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STARDUST Status Report

December 18, 1998


Ken Atkins
STARDUST Project Manager

Merry Christmas from the STARDUST Team.

These last few weeks have been busy but with significant progress. As you have seen, if you've been following the action on the webcam (, the spacecraft has been opened so that some of the electronic boxes that didn't come with the spacecraft earlier could be installed and some additional heaters for the propellant lines could be added. With this all done the spacecraft was closed up again and moved to its tilt and rotation fixture. Then the new flight software (STARDUST's "brain") was loaded into its computers. Power was applied and functional testing began. The fault protection functions (e.g. emergency procedures) such as electrical load shedding, power management, and attitude control were given preliminary tests. Command sequencing for launch, communications, and trajectory correction were also in the test mix. STARDUST was then tilted to horizontal so the sample return capsule (SRC) could be opened inside an environmentally controlled "glovebox." Last week our Science Principal Investigator, Professor Don Brownlee, came down from Seattle to do a final inspection, aided by the project quality inspector, of the aerogel. The sample return capsule (SRC) was commanded to open and the collector was deployed. He gave a solid "thumbs up" for the readiness of the collector and the capsule was closed for the last time. Yesterday, STARDUST was moved back to its vertical handling dolly and the solar arrays (that change sunlight to electricity) were installed.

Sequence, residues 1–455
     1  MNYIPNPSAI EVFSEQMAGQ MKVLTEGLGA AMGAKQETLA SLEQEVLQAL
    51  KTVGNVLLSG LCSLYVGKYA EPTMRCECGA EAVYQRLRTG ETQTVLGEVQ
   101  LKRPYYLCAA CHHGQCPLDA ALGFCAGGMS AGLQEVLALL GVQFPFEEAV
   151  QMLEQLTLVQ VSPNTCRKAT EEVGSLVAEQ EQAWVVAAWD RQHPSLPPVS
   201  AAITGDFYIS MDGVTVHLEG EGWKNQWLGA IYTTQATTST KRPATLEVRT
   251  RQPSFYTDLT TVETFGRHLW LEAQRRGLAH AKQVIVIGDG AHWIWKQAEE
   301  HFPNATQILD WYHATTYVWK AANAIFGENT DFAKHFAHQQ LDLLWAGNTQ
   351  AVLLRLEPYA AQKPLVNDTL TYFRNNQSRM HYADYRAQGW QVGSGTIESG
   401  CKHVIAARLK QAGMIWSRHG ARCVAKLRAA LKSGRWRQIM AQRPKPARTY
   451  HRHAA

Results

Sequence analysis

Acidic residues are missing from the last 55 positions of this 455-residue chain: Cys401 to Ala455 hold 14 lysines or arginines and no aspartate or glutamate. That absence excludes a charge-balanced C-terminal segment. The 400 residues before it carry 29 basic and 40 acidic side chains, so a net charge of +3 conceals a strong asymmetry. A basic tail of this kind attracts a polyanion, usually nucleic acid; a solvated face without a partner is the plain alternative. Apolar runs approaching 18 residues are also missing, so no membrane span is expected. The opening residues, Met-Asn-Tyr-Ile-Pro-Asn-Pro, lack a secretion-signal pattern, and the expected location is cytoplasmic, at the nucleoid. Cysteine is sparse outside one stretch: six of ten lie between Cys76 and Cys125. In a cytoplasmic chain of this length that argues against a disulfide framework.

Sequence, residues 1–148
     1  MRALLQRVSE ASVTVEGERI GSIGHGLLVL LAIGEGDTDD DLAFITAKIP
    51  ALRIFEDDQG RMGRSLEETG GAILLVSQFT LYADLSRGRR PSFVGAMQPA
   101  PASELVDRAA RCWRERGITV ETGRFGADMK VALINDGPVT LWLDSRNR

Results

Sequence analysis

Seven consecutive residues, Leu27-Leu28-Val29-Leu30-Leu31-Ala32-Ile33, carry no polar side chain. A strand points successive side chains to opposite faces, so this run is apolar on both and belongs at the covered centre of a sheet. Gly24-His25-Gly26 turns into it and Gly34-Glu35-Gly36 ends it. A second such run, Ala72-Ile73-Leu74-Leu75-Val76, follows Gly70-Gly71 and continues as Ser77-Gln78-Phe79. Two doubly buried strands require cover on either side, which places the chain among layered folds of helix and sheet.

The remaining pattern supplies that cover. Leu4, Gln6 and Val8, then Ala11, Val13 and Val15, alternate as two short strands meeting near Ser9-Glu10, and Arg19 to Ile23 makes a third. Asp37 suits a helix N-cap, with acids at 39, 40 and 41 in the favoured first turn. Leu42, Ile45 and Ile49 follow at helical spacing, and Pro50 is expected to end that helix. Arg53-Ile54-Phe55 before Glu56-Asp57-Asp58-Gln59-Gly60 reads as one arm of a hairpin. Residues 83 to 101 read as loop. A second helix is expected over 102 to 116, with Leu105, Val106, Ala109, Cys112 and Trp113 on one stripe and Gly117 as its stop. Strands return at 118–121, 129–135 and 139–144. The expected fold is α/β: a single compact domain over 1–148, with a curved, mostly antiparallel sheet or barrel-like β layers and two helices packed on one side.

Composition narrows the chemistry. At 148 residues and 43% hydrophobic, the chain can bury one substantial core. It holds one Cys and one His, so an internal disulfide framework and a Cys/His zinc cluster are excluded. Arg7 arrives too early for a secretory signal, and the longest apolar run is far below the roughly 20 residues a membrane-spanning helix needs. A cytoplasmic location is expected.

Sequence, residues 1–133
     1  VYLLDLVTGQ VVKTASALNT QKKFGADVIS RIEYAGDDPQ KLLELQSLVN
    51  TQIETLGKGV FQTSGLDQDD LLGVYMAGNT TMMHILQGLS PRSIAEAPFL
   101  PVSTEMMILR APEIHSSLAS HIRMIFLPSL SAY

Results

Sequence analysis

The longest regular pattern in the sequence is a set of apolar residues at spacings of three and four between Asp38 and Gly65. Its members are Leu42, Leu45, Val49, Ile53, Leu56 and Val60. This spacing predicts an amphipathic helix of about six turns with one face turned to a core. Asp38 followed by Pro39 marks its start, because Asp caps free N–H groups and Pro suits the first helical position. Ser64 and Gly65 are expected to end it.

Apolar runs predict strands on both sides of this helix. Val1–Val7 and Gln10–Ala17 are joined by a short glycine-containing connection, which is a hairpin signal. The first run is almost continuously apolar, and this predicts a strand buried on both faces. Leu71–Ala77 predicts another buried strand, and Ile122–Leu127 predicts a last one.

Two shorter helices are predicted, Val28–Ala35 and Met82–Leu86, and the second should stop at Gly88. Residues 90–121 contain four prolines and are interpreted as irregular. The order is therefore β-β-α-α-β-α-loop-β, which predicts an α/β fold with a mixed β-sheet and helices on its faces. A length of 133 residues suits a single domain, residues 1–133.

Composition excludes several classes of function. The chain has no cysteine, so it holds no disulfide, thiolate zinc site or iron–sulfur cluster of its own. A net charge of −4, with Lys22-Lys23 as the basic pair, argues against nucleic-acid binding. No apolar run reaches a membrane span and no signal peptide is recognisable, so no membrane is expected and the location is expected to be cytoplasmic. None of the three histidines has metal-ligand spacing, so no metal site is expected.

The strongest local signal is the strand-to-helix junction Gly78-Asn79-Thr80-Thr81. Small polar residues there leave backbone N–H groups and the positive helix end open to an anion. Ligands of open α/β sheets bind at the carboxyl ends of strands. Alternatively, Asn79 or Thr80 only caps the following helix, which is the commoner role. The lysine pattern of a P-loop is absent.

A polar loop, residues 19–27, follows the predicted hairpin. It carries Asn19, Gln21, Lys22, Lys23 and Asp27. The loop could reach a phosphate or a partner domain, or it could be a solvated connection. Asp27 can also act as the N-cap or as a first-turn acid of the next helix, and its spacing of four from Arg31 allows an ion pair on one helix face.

After the successful launch last week of the Mars Climate Orbiter from Pad 17A, the launch teams have begun to refurbish the pad for the erection of our Delta II rocket. The rocket itself is now here at Kennedy Space Center and in preparation for beginning the build-up of stages next week.

On the operations front, much work has been done to prepare for the countdown-to-launch and the initial acquistion of STARDUST's telemetry after separation from the launch rocket. With procedures maturing, the team will start rehearsals for the countdown next week. Also, a test was begun of the end-to-end communication link from the spacecraft through the Deep Space Network (DSN).

As you can tell, it's a very exciting time here on the Space Coast in Florida. Some of us were even able to go out to the Shuttle Landing Site last week to see the Shuttle come home from space. We also were "rookie" trainees the week before on consoles for the Mars Orbiter launch. And right after New Years, we'll watch the Mars Lander launch from Pad 17B.

Overlaying all this, of course, is the Christmas and Holiday season. On behalf of all of us on the STARDUST team, I extend best wishes for a blessed and safe time. After the holiday, we'll be just a month away from our launch on February 6. We are looking forward to many of you being here to share that event in person and, for everyone else, be sure to plan to be with us on TV (NASA TV).

For more information on the STARDUST mission - the first ever comet sample return mission - please visit the STARDUST home page:

Last Updated: November 26, 2003
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